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Curse of the Moon is the spiritual successor to Dracula’s Curse that no one saw coming. It’s a special game for early fans of the Nintendo Entertainment System and Castlevania series. I think this game will exceed players’ expectations, especially fans of Castlevania and Ninja Gaiden. At only $10, it’s a steal!
For Castlevania veterans and newcomers alike, Curse of the Moon is a simple and sweet gem that serves not just as a tribute but a fitting continuation of this very specific kind of game. It's not a clone, rather an appropriate successor.
The prospect of playing such a lovingly crafted tribute to the vintage heyday of Konami's seemingly abandoned Castlevania series more than makes up for a few out-of-place boss fights and a slightly too punitive death penalty. Bloodstained: Curse of the Moon delivers a brief but effective burst of nostalgia, and thanks to its many creative modifiers it contains enough replay value to engage (and challenge) anyone who pines for gaming's bygone days. And this isn't even the "real" Bloodstained! As appetizers go, it's substantial — nearly satisfying enough to be its own main course.
Bloodstained: Curse of the Moon keeps the lifeblood of the Castlevania series pumping with a condensed, and appropriately retro homage. It might not blaze the trail on anything new like a few other recent Inti Creates projects have, but it does exactly what it needs to do, and helps bolster the new legacy of Bloodstained proper before it's even out.
Bloodstained: Curse Of The Moon is undoubtedly aimed at a very specific audience, and you'll know if you're part of that just by looking at the screenshots. If those, combined with words such as these, make your heart sing, however, it's definitely worth your time. It's like Castlevania just decided to come soaring back into all our lives, and how can that ever be a bad thing? Exactly.
Aside from the repetition, which is, in retrospect, how many gamers got longevity out of old Castlevania games, Bloodstained: Curse of the Moon is a superb game. It is ideal for gamers who want an old-school challenge as well as an old-school game in both aesthetic and design.
Classicvanias and retro action games fans can give a chance to Bloodstained : Curse of the Moon on blind faith. This game is a beautiful, really enjoyable - even if it can considered a bit short - and vibrant tribute to Castlevania III : Dracula's Curse with some great action and platofrming, beautiful 8-Bit graphics and musics, in a new setting that we hope will fulfill ita potential with Ritual of the Night.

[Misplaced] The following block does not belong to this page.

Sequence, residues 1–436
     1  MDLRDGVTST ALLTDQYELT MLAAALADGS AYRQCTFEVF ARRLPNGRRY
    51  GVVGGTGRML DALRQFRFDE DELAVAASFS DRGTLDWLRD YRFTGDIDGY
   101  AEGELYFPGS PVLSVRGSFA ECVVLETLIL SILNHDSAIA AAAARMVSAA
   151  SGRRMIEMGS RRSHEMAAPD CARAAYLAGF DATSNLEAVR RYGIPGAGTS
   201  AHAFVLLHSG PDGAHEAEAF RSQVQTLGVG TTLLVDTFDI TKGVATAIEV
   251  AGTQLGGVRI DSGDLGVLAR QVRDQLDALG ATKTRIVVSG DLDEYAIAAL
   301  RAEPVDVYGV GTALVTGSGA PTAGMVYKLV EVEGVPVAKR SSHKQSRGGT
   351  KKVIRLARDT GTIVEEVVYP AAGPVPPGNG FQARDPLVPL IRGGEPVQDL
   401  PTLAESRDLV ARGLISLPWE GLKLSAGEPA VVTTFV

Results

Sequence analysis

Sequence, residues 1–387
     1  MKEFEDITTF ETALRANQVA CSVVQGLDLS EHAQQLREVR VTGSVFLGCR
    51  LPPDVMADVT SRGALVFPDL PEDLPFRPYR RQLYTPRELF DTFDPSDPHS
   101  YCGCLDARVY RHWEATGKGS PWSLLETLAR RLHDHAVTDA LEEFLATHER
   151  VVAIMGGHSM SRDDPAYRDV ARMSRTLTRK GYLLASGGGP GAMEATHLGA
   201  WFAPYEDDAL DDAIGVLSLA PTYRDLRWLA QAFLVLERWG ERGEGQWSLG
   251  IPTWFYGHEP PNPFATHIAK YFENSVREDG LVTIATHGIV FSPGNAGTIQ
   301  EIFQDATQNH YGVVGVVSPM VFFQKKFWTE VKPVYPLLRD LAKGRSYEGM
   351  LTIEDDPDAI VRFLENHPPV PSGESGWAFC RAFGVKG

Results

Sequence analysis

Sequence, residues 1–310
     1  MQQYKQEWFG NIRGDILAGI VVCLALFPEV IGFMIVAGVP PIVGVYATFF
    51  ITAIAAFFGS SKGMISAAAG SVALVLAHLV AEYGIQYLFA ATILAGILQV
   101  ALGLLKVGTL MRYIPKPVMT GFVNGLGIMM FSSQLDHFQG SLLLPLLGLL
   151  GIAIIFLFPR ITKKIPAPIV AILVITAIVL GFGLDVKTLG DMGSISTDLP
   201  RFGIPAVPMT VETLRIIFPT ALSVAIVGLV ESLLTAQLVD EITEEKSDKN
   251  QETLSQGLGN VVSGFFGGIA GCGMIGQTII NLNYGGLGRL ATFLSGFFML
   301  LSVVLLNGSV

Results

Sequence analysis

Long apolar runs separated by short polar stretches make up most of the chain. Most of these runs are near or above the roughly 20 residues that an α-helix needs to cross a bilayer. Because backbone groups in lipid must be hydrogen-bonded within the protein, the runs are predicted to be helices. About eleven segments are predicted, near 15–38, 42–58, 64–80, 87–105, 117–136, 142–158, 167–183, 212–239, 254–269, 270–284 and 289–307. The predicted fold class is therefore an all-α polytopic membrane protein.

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All that said, Curse of the Moon is a very enjoyable old-school Castlevania homage that's well worth the price of admission—as long as you have nostalgia for those games. Those of you who have no patience for the first three Castlevania games in particular may want to give Curse a wide berth, but I daresay there are systems in place here that may tickle your fancy.
The perfect game that harkens back to classic days of the NES Castlevanias, with the same feel and style. It has some issues and is clearly made for the already built fan base, it’s still a lot of fun.
There's a big difference between being inspired by something and flat out copying it. Curse of the Moon copies Dracula's Curse and does a good job of it. So much so, that if you're a fan of Dracula's Curse, you might not even need to play Curse of the Moon. Compare that to Shovel Knight, which combined the best parts of series like Mega Man, Mario, and Ducktails, to be an excellent game in its own right which I recommend to everyone. Personally, I prefer the Shovel Knight approach to retro-inspired games, although Curse of the Moon is a great way to revisit a classic without requiring so much skill and patience to see it through to completion.
The 8-bit graphics, the chiptune sound design, and the old-school gameplay harmoniously mix together to make a game that feels like it loaded straight off a cartridge.
As far as throwbacks go, Bloodstained: Curse of the Moon is a worthwhile venture. It captures the essence of yesteryear's classics, while offering numerous options to comfort an audience that might be unfamiliar with that time period. The game is also quite entertaining, and the replay-value is quite high. Still, it is not possible to shake the feeling that something is missing. It's as if the developer decided the safe choice was the right one, and left all of the risk-taking up to the player. Will this game be remembered in thirty years? Only time will tell.